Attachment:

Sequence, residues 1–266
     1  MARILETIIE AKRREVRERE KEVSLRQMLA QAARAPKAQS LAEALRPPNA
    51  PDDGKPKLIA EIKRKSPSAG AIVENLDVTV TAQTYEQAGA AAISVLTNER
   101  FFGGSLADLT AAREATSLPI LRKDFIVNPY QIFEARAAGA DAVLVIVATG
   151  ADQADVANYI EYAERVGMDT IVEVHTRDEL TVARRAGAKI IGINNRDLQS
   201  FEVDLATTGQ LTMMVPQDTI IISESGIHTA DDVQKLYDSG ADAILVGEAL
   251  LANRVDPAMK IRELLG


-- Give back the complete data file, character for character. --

Sequence, residues 1–266
     1  MARILETIIE AKRREVRERE KEVSLRQMLA QAARAPKAQS LAEALRPPNA
    51  PDDGKPKLIA EIKRKSPSAG AIVENLDVTV TAQTYEQAGA AAISVLTNER
   101  FFGGSLADLT AAREATSLPI LRKDFIVNPY QIFEARAAGA DAVLVIVATG
   151  ADQADVANYI EYAERVGMDT IVEVHTRDEL TVARRAGAKI IGINNRDLQS
   201  FEVDLATTGQ LTMMVPQDTI IISESGIHTA DDVQKLYDSG ADAILVGEAL
   251  LANRVDPAMK IRELLG